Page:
The dance form that Tagore initiated differed from the traditional Indian classical dances in at least three significant ways.
Themes: India in the 20th century was a country of many religions. The university that Tagore had founded in Santiniketan not only had Indian students from every religious background, but also numerous foreign students. Thus, the new dance form had to be easily adaptable to ‘secular’ songs and themes, and be equally welcoming to the non-Hindu and the Hindu participant.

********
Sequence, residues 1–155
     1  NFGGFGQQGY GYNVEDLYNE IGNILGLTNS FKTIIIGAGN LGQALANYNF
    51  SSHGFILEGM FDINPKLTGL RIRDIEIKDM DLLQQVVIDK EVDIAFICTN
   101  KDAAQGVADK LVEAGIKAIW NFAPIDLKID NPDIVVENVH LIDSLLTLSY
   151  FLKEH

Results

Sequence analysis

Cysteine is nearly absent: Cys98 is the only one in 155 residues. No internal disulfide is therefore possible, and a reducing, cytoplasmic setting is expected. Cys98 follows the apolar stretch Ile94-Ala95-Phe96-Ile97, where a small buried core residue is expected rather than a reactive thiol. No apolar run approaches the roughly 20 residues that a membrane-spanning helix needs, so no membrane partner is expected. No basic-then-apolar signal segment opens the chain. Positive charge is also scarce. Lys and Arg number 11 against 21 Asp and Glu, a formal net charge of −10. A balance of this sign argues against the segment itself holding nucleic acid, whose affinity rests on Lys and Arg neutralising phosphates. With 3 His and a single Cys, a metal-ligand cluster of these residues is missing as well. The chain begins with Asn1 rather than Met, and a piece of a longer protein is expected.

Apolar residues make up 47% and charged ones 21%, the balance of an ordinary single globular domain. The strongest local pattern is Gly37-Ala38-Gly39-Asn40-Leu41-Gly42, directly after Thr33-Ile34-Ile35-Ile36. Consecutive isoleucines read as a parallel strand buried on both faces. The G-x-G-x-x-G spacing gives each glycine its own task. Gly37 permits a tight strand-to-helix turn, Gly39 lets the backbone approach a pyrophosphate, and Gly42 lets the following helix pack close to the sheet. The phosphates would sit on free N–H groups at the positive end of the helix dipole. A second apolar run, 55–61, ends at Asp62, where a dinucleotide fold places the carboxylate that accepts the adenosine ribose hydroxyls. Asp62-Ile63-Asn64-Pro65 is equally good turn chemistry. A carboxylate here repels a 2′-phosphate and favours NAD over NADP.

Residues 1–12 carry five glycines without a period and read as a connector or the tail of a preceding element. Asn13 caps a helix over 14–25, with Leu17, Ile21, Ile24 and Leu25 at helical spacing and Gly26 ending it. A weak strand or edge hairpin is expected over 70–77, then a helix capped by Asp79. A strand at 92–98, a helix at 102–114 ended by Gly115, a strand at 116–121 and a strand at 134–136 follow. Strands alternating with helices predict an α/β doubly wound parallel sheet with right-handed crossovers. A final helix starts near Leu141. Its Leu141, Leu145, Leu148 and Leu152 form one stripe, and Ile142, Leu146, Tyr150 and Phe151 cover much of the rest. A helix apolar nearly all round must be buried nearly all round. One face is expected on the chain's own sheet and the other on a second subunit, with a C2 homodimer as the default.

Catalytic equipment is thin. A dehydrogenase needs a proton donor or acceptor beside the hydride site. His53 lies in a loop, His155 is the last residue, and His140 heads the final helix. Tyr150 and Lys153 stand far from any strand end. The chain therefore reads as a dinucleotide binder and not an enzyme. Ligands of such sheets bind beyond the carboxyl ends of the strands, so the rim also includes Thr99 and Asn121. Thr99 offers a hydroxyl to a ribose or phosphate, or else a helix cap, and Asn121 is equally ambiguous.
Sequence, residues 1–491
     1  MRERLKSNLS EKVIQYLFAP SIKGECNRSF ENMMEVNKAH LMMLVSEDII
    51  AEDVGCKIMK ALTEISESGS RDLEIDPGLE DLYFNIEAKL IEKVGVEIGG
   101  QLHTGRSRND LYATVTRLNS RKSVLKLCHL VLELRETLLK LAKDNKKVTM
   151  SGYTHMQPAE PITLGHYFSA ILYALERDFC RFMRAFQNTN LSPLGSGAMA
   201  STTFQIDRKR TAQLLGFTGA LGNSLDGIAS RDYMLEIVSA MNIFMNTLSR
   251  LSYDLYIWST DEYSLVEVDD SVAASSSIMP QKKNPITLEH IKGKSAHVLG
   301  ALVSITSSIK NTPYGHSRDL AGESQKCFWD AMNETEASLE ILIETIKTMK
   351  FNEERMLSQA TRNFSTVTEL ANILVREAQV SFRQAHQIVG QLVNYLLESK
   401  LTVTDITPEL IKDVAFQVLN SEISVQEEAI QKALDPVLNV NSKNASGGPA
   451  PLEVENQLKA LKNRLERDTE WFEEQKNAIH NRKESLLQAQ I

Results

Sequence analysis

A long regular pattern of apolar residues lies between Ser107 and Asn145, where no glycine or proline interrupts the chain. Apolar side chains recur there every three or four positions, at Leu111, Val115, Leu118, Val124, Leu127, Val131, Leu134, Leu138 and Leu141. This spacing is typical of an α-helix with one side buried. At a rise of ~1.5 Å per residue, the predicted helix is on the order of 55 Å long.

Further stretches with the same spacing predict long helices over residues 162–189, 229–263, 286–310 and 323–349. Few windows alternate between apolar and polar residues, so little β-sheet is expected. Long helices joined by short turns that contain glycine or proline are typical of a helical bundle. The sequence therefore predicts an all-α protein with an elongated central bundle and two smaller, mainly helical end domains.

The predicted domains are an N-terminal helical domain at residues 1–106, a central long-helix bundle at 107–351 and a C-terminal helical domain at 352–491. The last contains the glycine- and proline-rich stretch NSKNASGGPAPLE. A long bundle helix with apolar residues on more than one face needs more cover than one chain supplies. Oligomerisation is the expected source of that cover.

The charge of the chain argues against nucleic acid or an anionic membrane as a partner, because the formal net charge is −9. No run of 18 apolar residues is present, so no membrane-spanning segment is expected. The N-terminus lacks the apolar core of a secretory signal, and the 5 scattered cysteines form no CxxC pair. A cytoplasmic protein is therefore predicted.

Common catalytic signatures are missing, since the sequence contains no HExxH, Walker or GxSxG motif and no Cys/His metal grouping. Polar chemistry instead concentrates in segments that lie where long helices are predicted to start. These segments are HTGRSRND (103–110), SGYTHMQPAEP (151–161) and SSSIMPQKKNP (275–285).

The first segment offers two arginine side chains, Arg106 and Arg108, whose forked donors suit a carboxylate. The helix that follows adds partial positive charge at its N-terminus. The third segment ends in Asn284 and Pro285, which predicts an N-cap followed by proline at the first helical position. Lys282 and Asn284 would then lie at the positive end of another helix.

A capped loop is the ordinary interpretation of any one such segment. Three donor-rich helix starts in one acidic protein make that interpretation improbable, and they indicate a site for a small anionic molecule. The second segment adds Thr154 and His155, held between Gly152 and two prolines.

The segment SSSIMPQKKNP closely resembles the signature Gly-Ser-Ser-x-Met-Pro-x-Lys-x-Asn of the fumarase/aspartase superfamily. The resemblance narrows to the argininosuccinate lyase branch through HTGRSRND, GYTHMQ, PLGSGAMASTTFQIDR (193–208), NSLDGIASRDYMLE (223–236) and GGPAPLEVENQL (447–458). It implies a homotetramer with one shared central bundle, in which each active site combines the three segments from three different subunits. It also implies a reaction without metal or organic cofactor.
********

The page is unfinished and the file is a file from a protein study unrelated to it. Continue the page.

Music: Tagore remains the most innovative songwriter that India has ever seen. He wrote more than 2,200 songs, and he invented almost 500 unique new tunes by mixing classical and folk music from different regions of India and also drawing from Western music. Any dance style meant to accompany his songs had to be more adaptable to variations in music and rhythms than any single classical Indian dance could be.
Innovation: While Tagore had a healthy respect for tradition, he was a passionate believer in innovation and artistic creativity, and strongly believed than any art-form that prided itself too much on its ‘unchanging’ nature would eventually stagnate. Thus, he envisioned a dance-style where creativity and experimentation were to be encouraged rather than frowned upon.